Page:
The government in Tanzania has been urged to draft, discuss and implement a comprehensive alcohol policy to curb rising health and social related problems due to alcohol use in the East African country. Alcohol is a major obstacle to sustainable development in Tanzania, and to the achievement of the sustainable development goals (SDGs).
The message from a capacity-building seminar on the social, economic and public health harms of alcohol Members of Parliament (MPs) concurred that there was a need for immediate formulation and implementation of an evidence-based, high-impact alcohol policy in the country.
The seminar was arranged by Tanzania Media Women Association (TAMWA).
Presenters outlined the many adverse consequences of alcohol use, highlighting alcohol’s harm to others than the consumer themselves – such as violence against women and children, draining household finances and workplace loss of productivity.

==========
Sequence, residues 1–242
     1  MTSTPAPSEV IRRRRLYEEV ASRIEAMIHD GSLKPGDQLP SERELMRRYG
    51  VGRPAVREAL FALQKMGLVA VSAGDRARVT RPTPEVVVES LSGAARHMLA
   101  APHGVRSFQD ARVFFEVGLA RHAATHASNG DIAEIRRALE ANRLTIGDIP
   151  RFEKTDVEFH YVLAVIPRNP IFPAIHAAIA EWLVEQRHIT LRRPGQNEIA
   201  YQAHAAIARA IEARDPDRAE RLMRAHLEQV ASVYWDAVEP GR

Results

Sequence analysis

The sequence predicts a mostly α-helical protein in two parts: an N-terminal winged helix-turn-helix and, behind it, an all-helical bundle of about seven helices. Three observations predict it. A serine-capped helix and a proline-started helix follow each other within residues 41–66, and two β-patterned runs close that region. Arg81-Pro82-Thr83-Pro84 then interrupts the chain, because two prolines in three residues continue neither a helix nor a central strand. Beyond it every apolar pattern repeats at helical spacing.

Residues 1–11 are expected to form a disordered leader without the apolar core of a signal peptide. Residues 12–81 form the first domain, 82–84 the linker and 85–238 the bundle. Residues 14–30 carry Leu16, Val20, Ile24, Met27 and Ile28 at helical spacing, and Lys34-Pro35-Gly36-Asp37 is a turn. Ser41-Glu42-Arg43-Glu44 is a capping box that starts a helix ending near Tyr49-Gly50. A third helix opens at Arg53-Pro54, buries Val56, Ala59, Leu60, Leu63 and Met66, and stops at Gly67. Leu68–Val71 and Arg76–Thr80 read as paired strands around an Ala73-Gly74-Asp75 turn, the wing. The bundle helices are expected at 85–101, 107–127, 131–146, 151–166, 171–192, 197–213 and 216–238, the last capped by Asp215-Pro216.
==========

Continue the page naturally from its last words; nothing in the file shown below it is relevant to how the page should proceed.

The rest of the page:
Other alcohol-related problems outlined were physical and mental health problems, as well as the link between alcohol and HIV/ AIDS, road traffic fatalities and other health and societal problems.
Alcoholism also fuels poverty and reinforces gender inequalities,” said one presenter Dr Kissah Mwambene, a Mental Health Specialist.
She said it was high time different actors joined forces towards contributing to the development of a national alcohol policy, saying the prevention and reduction of alcohol-related harm was a key part of national development efforts.
“Actions to minimise alcohol related harms will contribute to multiple sustainable development goals 2030.”
TAMWA official, Gladness Munuo, exposed alcohol industry tactics in Tanzania, showing how alcohol companies are using persuasive, massive and aggressive marketing strategies to reach their customers and how they oppose evidence-based alcohol regulations.
Alcohol companies sabotage efforts to come up with national alcohol policy,” Ms Munuo said, urging legislators to support the push of alcohol policy.
The one-day seminar was also attended by the Deputy Minister for Health, Community Development, Gender, Elders and Children, Dr Hamisi Kigwangwallah.